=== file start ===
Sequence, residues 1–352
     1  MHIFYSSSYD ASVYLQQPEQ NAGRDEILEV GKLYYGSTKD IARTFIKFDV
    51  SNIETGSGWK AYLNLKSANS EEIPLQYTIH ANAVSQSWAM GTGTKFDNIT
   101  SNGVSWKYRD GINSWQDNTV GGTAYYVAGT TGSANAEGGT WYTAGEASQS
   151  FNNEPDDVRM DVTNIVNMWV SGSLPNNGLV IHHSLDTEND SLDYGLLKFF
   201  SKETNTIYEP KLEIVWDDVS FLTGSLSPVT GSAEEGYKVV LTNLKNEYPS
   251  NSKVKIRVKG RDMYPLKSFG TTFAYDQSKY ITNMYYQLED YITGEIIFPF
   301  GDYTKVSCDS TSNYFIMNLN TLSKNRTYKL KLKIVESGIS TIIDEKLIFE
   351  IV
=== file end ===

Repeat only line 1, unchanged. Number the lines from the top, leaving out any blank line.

Sequence, residues 1–352